Hydrogen the hot topic as Macquarie invests in a greener Pilbara

By Megan Graham. Published at Oct 10, 2018, in The Green Keeper

Although it seems contradictory, the intersection of green energy and mining is not new.

In the last 3-5 years it has become clear that a green energy future relies heavily on metals such as lithium, cobalt and copper which are required to manufacture the lithium-ion batteries so vital to electric cars, energy storage and so on.

In fact, energy metals look to have pulled the mining industry out of a three year slump, as it seems every mining company and its Blue Heeler is now searching for ‘the hottest commodities right now’.

Despite that, the unlikely marriage of mining and carbon emissions reduction is an idea that takes some getting used to, especially when looking at the operations of the mining companies themselves.

This week Macquarie Group announced it would be providing ‘development capital’ to a $22 billion renewable energy hub project in WA. The proposed hub (‘Asia Renewable Energy Hub’) was originally conceived with the idea of exporting wind and solar power to Indonesia via underwater high-voltage transmission cables.

However the focus of the project has since shifted to supplying energy to mines, mineral processors and other industrial energy users in WA’s mining-centric Pilbara region; as well as fueling the production of hydrogen.

According to the AFR, Macquarie Group’s interests in the project has a lot to do with the hub’s potential for sourcing future hydrogen producers.

Hydrogen — so hot right now

There’s plenty of talk at the moment about the use of hydrogen as an alternative energy source (to ultimately lower emissions). In particular, it's been suggested that hydrogen-fueled cars could shape up to be a serious threat to the burgeoning electric vehicle market.

There are several big energy companies in Australia looking to tap into the hydrogen-based renewables trend including Royal Dutch Shell Group, Woodside Petroleum and CKI.

The CSIRO has been dedicating a great deal of research to hydrogen, and in August announced it had successfully refuelled two fuel cell vehicles (a Toyota Mirai and a Hyundai Nexo) using ultra-high purity hydrogen — with the agency’s CEO Larry Marshall being the first to ride in them.

The potential demand for hydrogen (from China, Japan, South Korea and Singapore) could be as high as 3.8 million tons by 2030, or $9.5 billion worth, according to a National Hydrogen Roadmap put out by CSIRO last month.

Those behind the Pilbara renewables hub project have one eye on the project’s future hydrogen export prospects. So, what’s the connection?

To actually move hydrogen from place to place is not straightforward and requires converting it to either liquid hydrogen or ammonia — hence why it is being referred to as ‘liquid sunshine’.

The idea is that the proposed hub project may provide a solution to the conversion problem. The green energy produced by wind and solar farms could be used to split water molecules into hydrogen and oxygen via the process of electrolysis, which is energy intensive.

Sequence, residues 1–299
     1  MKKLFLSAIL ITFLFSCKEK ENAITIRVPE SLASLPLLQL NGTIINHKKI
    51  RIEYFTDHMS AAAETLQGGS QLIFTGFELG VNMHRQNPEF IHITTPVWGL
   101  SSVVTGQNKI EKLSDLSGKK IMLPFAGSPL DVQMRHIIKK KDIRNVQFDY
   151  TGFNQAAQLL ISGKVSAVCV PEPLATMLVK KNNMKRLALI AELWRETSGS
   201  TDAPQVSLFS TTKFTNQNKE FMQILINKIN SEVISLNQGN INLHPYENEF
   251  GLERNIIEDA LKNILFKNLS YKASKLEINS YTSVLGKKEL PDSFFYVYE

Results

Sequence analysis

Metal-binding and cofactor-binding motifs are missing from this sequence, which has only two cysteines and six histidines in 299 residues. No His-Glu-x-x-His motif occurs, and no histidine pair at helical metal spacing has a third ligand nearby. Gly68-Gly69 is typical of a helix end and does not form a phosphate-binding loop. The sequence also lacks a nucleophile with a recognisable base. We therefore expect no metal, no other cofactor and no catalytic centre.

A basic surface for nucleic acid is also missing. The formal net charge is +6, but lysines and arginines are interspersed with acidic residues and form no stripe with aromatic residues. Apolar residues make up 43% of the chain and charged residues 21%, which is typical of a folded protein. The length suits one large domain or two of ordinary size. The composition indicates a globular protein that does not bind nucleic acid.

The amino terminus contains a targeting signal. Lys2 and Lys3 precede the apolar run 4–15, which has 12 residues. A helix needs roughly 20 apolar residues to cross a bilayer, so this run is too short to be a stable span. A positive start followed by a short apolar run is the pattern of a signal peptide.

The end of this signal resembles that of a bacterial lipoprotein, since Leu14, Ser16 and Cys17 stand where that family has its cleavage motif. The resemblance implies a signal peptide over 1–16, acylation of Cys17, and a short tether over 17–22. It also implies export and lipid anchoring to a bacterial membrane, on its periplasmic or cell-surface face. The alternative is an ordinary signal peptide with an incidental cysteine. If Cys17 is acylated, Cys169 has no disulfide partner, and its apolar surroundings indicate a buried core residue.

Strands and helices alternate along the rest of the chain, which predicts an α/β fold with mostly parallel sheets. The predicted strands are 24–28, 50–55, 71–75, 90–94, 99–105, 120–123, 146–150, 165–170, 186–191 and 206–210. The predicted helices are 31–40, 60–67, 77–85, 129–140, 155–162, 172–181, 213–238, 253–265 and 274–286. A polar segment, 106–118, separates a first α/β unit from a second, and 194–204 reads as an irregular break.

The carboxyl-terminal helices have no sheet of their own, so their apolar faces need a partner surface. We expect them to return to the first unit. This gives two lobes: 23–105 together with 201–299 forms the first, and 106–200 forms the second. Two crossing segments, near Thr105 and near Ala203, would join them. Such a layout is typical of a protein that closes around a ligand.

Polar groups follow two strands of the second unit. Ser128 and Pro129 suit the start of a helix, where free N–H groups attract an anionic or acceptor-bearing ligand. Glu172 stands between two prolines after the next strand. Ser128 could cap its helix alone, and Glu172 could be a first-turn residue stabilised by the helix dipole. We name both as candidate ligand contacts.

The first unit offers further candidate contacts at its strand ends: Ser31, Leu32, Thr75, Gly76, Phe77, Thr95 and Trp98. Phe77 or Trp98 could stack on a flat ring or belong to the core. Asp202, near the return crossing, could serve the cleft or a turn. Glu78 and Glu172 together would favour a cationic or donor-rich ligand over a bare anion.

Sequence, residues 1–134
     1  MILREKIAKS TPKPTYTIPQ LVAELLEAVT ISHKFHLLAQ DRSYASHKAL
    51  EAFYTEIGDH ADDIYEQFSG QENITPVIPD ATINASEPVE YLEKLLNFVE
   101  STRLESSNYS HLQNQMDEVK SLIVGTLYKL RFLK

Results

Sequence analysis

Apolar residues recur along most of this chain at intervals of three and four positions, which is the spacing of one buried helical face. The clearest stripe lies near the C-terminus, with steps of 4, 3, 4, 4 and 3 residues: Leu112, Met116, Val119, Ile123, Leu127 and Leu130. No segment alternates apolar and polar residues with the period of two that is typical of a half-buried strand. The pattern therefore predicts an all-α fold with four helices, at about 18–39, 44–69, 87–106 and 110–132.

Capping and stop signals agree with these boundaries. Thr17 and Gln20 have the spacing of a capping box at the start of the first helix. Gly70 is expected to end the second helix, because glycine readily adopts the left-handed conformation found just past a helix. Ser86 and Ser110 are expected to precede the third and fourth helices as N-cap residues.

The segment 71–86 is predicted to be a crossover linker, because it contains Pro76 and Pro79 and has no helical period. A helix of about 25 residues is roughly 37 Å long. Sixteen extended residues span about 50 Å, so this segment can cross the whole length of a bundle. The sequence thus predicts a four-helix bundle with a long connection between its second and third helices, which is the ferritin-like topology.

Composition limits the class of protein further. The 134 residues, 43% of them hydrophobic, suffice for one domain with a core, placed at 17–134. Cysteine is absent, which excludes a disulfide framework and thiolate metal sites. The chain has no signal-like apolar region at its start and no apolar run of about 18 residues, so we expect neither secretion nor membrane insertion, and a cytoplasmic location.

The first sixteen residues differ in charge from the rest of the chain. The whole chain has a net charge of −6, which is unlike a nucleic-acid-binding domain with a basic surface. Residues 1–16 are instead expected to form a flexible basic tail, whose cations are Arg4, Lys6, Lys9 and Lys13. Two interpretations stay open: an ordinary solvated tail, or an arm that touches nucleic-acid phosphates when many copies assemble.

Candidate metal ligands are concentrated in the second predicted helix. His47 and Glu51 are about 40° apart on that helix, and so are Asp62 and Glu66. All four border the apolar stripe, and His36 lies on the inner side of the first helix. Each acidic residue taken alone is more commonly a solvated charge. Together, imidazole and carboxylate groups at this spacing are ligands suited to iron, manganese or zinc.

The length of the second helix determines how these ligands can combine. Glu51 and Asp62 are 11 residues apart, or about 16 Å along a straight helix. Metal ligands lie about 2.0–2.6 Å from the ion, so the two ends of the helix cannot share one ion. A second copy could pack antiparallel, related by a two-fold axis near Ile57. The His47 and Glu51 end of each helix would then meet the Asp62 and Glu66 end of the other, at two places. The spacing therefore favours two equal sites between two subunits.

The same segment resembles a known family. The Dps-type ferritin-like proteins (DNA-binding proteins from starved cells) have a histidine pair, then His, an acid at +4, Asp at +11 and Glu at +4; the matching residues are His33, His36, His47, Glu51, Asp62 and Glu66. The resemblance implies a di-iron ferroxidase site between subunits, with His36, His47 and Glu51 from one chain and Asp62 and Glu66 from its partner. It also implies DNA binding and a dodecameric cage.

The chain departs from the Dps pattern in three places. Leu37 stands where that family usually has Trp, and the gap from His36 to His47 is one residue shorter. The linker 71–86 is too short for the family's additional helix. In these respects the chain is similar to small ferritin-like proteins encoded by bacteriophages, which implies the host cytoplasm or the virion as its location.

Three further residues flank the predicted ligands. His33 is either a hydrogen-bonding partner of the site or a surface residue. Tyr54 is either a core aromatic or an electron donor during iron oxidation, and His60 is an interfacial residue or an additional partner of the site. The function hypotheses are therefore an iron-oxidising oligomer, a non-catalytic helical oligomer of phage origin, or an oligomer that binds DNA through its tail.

Yep, this idea consists of using a fair whack of green energy to make green energy... with the potential to reduce carbon emissions overall.

This follows some projections that, eventually, wind and solar will spill into ‘surplus to requirements’ on a regular basis.

Meanwhile, some companies are looking to use brown coal to create the energy required for the electrolysis to produce liquid hydrogen — unsurprisingly, that’s not a popular move with environmental groups.

The sun is also shining on Port Augusta...

While innovators in the country’s west are considering the growing market for ‘liquid sunshine’, in South Australia huge investment is being put into exploiting regular sunlight.

The town of Port Augusta boasts 13 renewable energy projects, either already underway or under consideration. Mayor Sam Johnson said this of the town’s green energy prospects: “The one great resource we have here in Port Augusta and the upper Spencer Gulf is this wonderful natural resource called the sun. It's no different to having a massive uranium deposit, a massive gold deposit, a massive copper deposit.”

A major bonus of Australia’s large solar ‘resource’ is the fact that we don’t have to search or dig to recover it. With a recent history founded on coal and fossil fuels, Port Augusta is adamant that it won’t be going back (it actually blew up the 10,000 ton boilers from its old coal-fired power station late last year).

Port Augusta is already home to the country’s largest photovoltaic (PV) solar farm — the ~300-megawatt Bungala Solar Power Project being built by Enel Green Power S.p.A., the fully-owned subsidiary of Enel SpA which is listed on the Milan Stock Exchange (ENEL:MI).

Stage one of the project is now done, and the completion of stage two will see the PV farm cover an area close to the size of Melbourne’s CBD.

The $44.5 billion capped ENEL has seen its share price take somewhat of a hit this year (down ~14% YTD), but has gained ~16% overall in the last two years and a promising ~36% in the last five years.

ENEL has a presence in 30 countries (across five continents). Next week’s column will take a look at what ENEL is doing and its latest forays into new green energy technologies.

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